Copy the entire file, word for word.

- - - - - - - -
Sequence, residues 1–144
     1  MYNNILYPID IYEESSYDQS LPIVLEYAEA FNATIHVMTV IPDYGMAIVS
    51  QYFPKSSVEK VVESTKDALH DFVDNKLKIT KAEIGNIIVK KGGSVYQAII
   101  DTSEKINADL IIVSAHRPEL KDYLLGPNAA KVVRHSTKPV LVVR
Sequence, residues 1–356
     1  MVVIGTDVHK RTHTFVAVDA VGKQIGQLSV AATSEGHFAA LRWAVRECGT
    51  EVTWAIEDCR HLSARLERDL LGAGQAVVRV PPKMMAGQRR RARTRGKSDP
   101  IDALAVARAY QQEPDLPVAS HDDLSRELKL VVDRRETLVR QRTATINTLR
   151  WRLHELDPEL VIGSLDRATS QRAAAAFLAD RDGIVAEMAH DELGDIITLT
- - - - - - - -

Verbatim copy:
Sequence, residues 1–144
     1  MYNNILYPID IYEESSYDQS LPIVLEYAEA FNATIHVMTV IPDYGMAIVS
    51  QYFPKSSVEK VVESTKDALH DFVDNKLKIT KAEIGNIIVK KGGSVYQAII
   101  DTSEKINADL IIVSAHRPEL KDYLLGPNAA KVVRHSTKPV LVVR
Sequence, residues 1–356
     1  MVVIGTDVHK RTHTFVAVDA VGKQIGQLSV AATSEGHFAA LRWAVRECGT
    51  EVTWAIEDCR HLSARLERDL LGAGQAVVRV PPKMMAGQRR RARTRGKSDP
   101  IDALAVARAY QQEPDLPVAS HDDLSRELKL VVDRRETLVR QRTATINTLR
   151  WRLHELDPEL VIGSLDRATS QRAAAAFLAD RDGIVAEMAH DELGDIITLT